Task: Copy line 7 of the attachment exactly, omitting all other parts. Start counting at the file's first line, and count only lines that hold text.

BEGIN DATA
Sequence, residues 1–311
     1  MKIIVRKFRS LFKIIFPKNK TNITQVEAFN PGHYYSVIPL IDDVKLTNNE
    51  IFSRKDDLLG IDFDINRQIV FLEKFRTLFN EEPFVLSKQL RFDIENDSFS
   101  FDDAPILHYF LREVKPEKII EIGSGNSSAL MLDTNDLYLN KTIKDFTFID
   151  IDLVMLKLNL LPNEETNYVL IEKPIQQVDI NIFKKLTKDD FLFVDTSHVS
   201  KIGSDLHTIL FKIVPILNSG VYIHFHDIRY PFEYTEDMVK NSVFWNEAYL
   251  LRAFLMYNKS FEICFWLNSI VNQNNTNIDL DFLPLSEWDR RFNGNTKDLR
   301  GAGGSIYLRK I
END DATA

   251  LRAFLMYNKS FEICFWLNSI VNQNNTNIDL DFLPLSEWDR RFNGNTKDLR